Drink-driver took cocaine before crash near Bristol

Floral tributes at scene of crash
Image caption People left floral tributes at the scene after the crash

A speeding driver who had been drinking and taking cocaine crashed into a lorry near Bristol, killing himself and a friend, an inquest has heard.

Patrick O'Donoghue, 25, collided head-on with the 7.5 tonne Royal Mail lorry on Winterbourne Road in Stoke Gifford last August.

He died at the scene and rear passenger James Tyrer, 17, died in hospital.

Coroner Tony Williams recorded narrative verdicts at Avon Coroner's Court.

The hearing heard Mr O'Donoghue, a gardener from Patchway, was three times over the alcohol limit and had taken cocaine before the crash happened, at about 0200 BST on 22 August 2009.

The impact caused the lorry's cab to become detached from the chassis and its driver was thrown from the vehicle.

Mr Tyrer, a student from Winterbourne, suffered multiple injuries and died at Frenchay Hospital, the inquest heard.

Motorist Carly Austin said she did not see the collision but saw the Mercedes E220 that Mr O'Donoghue was driving, pass her from the opposite direction.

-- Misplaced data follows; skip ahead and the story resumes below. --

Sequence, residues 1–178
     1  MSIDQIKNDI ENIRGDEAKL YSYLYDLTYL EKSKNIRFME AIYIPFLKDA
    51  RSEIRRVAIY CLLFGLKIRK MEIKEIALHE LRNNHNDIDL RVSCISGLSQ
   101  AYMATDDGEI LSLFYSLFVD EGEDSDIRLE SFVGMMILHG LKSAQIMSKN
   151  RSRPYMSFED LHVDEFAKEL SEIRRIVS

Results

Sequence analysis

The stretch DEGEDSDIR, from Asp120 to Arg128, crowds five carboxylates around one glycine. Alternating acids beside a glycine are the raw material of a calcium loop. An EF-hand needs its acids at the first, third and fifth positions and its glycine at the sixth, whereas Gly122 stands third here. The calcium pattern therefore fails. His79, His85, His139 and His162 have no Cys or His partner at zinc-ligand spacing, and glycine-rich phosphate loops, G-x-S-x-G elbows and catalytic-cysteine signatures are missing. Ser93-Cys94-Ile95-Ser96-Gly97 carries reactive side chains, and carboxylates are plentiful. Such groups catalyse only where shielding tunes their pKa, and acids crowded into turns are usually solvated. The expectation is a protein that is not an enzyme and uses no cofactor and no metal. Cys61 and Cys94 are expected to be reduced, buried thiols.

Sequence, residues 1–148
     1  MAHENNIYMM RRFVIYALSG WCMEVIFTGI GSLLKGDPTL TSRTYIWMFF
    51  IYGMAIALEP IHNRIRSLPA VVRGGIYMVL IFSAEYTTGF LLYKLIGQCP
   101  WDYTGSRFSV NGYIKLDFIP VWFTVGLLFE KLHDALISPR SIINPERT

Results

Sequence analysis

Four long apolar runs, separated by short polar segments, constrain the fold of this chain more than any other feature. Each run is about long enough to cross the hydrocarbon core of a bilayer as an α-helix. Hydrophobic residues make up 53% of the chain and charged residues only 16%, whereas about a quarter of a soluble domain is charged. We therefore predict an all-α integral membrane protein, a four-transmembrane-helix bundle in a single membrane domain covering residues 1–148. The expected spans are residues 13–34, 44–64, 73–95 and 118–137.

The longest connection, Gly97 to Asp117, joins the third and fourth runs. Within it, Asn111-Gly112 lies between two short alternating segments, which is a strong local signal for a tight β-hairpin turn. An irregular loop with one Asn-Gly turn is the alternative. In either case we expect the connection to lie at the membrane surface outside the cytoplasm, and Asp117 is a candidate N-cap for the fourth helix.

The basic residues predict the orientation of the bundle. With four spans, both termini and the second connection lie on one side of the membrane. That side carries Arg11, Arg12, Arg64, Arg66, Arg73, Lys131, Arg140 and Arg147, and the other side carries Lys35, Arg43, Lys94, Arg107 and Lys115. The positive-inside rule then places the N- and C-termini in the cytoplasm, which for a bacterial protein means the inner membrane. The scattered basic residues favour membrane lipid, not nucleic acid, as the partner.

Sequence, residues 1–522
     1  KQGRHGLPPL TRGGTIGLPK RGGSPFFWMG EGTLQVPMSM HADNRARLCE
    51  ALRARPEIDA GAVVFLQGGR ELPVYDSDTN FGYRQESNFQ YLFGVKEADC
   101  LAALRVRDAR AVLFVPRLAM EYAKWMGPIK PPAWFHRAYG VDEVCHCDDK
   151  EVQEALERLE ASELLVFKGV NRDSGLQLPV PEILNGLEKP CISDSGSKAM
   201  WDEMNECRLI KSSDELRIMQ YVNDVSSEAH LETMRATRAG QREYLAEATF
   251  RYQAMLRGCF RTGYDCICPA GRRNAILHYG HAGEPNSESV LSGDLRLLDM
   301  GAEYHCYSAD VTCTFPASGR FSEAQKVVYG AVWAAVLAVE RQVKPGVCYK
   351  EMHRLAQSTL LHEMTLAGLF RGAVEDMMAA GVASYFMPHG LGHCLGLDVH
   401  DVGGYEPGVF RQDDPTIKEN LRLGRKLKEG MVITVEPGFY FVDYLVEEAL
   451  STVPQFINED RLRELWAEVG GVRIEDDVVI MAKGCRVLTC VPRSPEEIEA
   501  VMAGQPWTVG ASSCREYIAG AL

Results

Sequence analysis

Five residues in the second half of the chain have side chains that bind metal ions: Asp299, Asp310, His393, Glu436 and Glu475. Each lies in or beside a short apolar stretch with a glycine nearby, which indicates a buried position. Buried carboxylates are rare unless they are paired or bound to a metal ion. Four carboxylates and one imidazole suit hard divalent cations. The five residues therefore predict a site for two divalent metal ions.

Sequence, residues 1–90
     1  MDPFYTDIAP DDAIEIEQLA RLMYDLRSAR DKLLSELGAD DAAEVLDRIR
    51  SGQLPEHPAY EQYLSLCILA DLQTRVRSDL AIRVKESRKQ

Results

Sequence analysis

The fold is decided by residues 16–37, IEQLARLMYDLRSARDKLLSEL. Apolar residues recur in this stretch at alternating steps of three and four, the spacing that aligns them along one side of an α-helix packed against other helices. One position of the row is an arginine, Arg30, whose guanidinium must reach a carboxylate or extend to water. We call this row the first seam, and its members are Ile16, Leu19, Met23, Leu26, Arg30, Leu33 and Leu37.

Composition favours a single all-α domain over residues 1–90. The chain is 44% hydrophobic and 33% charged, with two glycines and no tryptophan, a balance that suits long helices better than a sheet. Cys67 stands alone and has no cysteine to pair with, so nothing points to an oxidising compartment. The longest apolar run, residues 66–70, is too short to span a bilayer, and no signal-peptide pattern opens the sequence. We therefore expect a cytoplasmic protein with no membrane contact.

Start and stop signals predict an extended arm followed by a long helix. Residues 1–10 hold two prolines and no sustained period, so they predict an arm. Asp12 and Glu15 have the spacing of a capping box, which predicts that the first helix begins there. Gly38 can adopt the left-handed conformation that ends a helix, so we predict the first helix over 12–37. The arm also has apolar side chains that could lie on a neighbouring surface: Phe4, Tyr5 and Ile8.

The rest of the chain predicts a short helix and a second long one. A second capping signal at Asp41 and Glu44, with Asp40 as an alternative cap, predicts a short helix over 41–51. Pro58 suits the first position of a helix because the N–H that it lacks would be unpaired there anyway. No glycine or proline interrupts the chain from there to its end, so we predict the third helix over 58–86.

'Car shook'

In a statement, she said: "I saw a very shiny black Mercedes car and it was going very fast.

"I would estimate the speed of the car as going over 70mph. As he went past my car it shook."

The hearing heard the crash happened on the 40mph road when lorry driver Christopher Gibson turned right at a junction, on to the Old Gloucester Road.

Mr Gibson had right of way and Mr O'Donoghue should have stopped, the inquest was told.

Mr Gibson - and two of the Mercedes' other passengers, Billy Connor and Patrick Tomkins - were seriously injured.

Avon and Somerset Constabulary crash investigator Pc Philip Howells said none of the occupants in the Mercedes had been wearing seatbelts.

Mr Williams, a deputy assistant coroner for Avon, said: "I have been sat in inquests for 12 years and I have rarely seen damage to a car like this.

"The damage was considerable and extensive which is largely indicative of the speed the Mercedes struck the Royal Mail truck."

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